As we bid a fond adieu to 2003, what better way to finish out the year than with a big ol' bucket of everyone's favorite dish, Kentucky Fried Unconfirmed Rumor? (Now available in Original and Extra-Crispy Skin! Try new All-White Meat Wild Speculation Strips today!) We can't really beat on that miniPod subject much more, seeing as it's already been hammered into a thin paste, so instead let's turn to a fresh page and ponder one of the Great Questions of this or any other age: will 2004 be the year that Steve Jobs discovers TV?
"But AtAT," we hear you say, "TV was discovered long ago-- in 1498 by Vasco da Gama, just minutes after Apple board member Al Gore invented the Internet." Well, duh-- everyone knows that. What we mean is, will this be the year in which Steve finally acknowledges that TV isn't necessarily evil incarnate? The man has certainly made plenty of anti-television comments in the past, referring to it as what people use to "turn their brains off" or whatever. (What's more, he says that like it's a bad thing. Weird, huh?) As of yet Macs have only involved creative video in the Digital Hub scheme, with iMovie and iDVD; any sort of tie-in with actual brain-turning-off broadcast television is still nowhere to be seen, despite its obvious place in any reasonably complete Digital Hub strategy.
Well, that might all change soon. Mac OS Rumors reports that Apple might be cobbling together a "low-cost FireWire 800 TV-input device" that will apparently allow the conversion of TV, HDTV, and analog video sources into FireWire-friendly DV streams. If it comes to pass, said device would conceivably let you use iMovie to recut your recorded episodes of "Petticoat Junction" to remove all distasteful references to "Hooterville" and then burn them to DVD for personal archival purposes. TiVo it ain't, let alone any sort of TV-themed killer app that would propel the Mac to stunning new heights of market share-- heck, you can already buy any number of analog-to-DV converters out there-- but it would at least signal that Apple is finally willing to add a TV spoke or two to its Digital Hub.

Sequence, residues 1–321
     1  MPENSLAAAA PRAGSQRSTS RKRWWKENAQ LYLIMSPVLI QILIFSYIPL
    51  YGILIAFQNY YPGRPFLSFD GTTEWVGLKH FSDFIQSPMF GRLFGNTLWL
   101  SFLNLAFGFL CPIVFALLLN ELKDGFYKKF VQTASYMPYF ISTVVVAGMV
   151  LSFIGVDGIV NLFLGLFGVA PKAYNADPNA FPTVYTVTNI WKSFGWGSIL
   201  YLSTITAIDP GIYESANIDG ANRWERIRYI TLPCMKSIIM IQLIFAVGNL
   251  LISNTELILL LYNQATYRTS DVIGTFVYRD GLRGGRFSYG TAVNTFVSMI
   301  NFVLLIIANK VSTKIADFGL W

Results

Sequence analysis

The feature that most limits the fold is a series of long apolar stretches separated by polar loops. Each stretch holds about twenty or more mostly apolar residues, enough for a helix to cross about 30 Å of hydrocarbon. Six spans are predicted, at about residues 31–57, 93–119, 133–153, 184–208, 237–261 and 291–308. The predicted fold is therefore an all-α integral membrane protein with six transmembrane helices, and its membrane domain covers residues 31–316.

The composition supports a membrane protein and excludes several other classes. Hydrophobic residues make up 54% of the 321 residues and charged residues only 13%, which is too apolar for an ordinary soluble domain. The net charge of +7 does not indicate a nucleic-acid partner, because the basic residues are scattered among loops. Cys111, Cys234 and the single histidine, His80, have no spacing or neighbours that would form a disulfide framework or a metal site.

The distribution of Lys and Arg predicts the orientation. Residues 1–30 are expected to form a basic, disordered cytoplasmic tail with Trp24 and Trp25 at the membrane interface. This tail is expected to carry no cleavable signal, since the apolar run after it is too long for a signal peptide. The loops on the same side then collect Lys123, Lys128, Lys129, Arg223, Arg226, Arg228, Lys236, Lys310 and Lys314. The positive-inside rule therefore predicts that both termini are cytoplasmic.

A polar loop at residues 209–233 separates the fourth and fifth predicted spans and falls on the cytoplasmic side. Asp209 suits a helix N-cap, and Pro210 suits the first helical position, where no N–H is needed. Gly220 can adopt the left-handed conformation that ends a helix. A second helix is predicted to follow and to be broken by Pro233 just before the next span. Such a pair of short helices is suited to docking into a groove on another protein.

Of course, if you want some serious rumorological craziness in the TV realm, faithful viewer Donovan Doak points out a macosx.com article chock full of "exclusive insider information" on the "iBox," a hard drive-based standalone personal video recorder allegedly slated to ship from Apple sometime in early 2004. Get this: we're talking about a $400-$600 VCR-on-steroids that looks like the illegitimate offspring of a Power Mac G5 and an iPod and supposedly packs AirPort Extreme, a 10/100 Ethernet port, FireWire and USB ports, a full-fledged G3 processor, and a SuperDrive. You plug your TV into the video ports, you throw it on your wired or wireless network, and bam, you can schedule recordings from any Mac in the house (or log in remotely from any system on the Internet). It runs iTunes and iPhoto and can stream songs and pictures from your Macs or store it on its local 120 GB hard disk for all to share. It has a stripped-down version of iDVD so you can burn your recordings to disc right on the unit itself. If you want, you can also watch iBox-recorded shows on any of your networked Macs. Oh, and you can control it from your Bluetooth phone.
So do we believe a word of this? Well, no, but then again, it's nowhere near midnight here yet, so we're stone-cold sober. Maybe if we were a little tipsy we'd be more willing to believe that Apple would ship a DVD recorder with a 500 MHz G3 to encode MPEG video-- consumers love waiting for hours! Okay, okay, fine, that's not really fair, since the iBox would most likely have dedicated MPEG-encoding hardware onboard, but still, we just can't see Apple shipping a $600 set-top box that actually acknowledges that Mac users might conceivably like to watch TV. It's just so... un-Steve. The reason we brought it up at all is because nothing beats a fringe rumor for end-of-year drama-- and because we really, really want one of these things. Pretty please?